The oceans occupy 71 percent of Earth's surface and they account for over 95 percent of the biosphere, the planet's living space. It is shameful that the climate negotiators in Paris have removed the ocean impacts from the climate crisis and that they are refusing to protect them. The oceans are the life support system of our planet and as we cross the 1C threshold, they are collapsing.
Each day, oceanic phytoplankton absorbs over 32 million metric tons of greenhouse gases or a third of the daily emissions from heat-trapping, climate-altering, subsidized fossil fuels.
Rising levels of carbon dioxide in the oceans have created anxious fish that are loosing their ability to detect the correct chemical cues. In the ocean off Papa New Guinea, fish are becoming attracted to the smell of predators, a maladaptive response. These confused fish are venturing further away from shelter, thus becoming more exposed to predators. High levels of carbon dioxide interfere with the fundamental neurotransmitters in the brains of fish causing them to take dangerous and unnecessary risks.
Most of the global fleet of 1.2 billion automobiles are powered by fossil fuels. Photo credit: thestephenharvey.com
As if this weren't shocking enough -- over 42 percent of Earth's coral reefs are dead from warming waters and ocean acidification. Reefs are crucial as nursery grounds, security cover and feeding habitat for at least a million species of life.
Fossil fuels are subsidized $5.6 trillion annually while nature is being irrevocably destroyed. Photo credit: joinmosaic.com
Since 1950, mercury poisoning in the oceans from burning coal has tripled up to 80,000 metric tons. Cetaceans around the globe are showing high levels of mercury, a potent nerve poison, never witnessed before.
The warming oceans have disrupted cold currents from upwelling and carrying iron and nitrogen, essential for fertilizing phytoplankton. As such, 40 percent of phytoplankton, which makes up the entire base of the marine food web along with its vital oxygen-bearing capacity, is missing. Phytoplankton provides each earthling with almost three out of every four breaths of air.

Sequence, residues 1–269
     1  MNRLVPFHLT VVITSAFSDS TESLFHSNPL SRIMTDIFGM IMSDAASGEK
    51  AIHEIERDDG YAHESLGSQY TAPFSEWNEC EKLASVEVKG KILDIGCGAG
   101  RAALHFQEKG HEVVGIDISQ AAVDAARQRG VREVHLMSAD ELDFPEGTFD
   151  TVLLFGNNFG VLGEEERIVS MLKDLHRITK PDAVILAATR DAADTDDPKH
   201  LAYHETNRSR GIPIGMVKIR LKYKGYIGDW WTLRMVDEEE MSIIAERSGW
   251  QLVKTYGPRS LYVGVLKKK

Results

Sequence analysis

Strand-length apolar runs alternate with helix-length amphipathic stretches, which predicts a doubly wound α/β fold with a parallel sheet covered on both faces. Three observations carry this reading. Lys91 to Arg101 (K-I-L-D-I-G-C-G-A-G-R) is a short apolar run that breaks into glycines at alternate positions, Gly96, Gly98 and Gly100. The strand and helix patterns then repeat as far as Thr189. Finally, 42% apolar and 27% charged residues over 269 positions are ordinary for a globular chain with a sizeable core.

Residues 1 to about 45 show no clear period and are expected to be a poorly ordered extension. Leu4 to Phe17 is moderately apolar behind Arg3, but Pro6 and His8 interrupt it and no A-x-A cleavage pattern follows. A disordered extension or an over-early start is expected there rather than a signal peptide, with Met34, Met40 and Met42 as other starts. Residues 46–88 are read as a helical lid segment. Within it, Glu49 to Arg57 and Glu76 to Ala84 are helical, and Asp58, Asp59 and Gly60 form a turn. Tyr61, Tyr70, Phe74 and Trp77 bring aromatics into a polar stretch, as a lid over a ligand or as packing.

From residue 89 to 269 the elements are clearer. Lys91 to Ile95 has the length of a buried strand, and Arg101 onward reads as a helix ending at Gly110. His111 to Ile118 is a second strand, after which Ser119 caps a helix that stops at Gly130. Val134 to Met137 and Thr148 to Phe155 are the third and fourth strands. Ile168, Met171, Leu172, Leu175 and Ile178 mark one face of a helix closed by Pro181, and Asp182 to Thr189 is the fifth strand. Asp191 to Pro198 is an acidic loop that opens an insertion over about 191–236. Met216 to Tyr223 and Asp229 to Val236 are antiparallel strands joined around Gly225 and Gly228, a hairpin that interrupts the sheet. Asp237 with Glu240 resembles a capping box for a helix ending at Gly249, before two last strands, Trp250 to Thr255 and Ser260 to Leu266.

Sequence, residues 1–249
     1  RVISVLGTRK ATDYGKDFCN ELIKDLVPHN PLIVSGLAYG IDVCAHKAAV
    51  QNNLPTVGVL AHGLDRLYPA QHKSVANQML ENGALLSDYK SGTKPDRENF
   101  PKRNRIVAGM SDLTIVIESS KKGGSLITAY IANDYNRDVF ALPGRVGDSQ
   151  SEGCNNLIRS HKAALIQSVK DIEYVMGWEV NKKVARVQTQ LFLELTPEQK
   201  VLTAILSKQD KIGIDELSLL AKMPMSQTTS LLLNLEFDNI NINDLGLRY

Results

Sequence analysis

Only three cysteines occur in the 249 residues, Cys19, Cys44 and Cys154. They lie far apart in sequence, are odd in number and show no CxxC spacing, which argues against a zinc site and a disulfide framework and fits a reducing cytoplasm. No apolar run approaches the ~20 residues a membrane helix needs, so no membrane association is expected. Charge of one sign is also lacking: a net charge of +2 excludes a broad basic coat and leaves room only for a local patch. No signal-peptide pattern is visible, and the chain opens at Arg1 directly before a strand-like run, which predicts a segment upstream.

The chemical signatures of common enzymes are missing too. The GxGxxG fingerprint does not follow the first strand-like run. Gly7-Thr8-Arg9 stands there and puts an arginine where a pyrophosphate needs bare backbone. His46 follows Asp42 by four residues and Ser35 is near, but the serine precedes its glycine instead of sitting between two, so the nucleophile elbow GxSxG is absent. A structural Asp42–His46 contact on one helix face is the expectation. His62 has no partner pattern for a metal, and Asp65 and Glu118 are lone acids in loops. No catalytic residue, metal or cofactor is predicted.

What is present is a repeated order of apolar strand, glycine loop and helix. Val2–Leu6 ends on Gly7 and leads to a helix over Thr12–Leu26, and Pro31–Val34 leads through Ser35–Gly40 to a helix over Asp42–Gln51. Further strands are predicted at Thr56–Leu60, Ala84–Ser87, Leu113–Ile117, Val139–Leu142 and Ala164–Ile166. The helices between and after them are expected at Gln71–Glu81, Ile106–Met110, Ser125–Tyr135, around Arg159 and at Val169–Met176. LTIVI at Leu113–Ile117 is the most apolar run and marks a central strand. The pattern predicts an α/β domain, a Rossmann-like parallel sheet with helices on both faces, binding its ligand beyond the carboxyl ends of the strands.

There are between 8,000-9,000 endangered blue whales remaining in the oceans. Approximately 2,500 majestic blue whales feed along California coast, the largest concentration of blues on the globe. Photo credit: itravel-cabo.com
The awesome filter feeding whales with their vast flocculent fecal plumes, their poop, rich in iron and nitrogen are fertilizing the oceans and rebuilding the lost mega tons of phytoplankton. In the Southern Ocean their food source Antarctic krill has plummeted 80 percent below the 1970 levels due to missing western Antarctic sea ice and gross overharvesting. In fact, China intends to increase its krill harvest by as much as 60 fold.
The Sea Shepherd ship Bob Barker (R) colliding with the illegal Japanese whaling fleet fuel tanker the San Laurel in 2013. Photo credit: AAP
Japan, Iceland, Denmark and Norway refuse to abide by the 1986 global moratorium on whaling. Instead these rogue countries are killing the very mammals that are helping, via fertilizing the sea stimulating more phytoplankton, to fight the climate crisis. Why are these whale-killing nations knowingly feeding cetaceans laced with methylmercury, PCBs, DDT, insecticides, biphenyls, phthalates and tributyltin to their people?
In June, 337, 23-ton each, sei whales were found beached along the coast of Chile in one of the largest whale strandings ever recorded. Toxic algal blooms from rising ocean temperatures are being implicated in their deaths. Photo credit: telegraph.co.uk
It is impossible to submit a meaningful greenhouse gas reduction plan by removing the oceans from the Paris negotiations. This is ecocide. The melt waters from Greenland and the Antarctic alone will inundate all coastal cities by mid-century. The oceans drive our climate, removing them from the equation is like a medical doctor telling a patient that they can live a normal life with one lung, no liver, no kidneys and a missing pancreas. Flummery!
Earth Dr Reese Halter's latest book is "Shepherding the Sea: The Race to Save Our Oceans."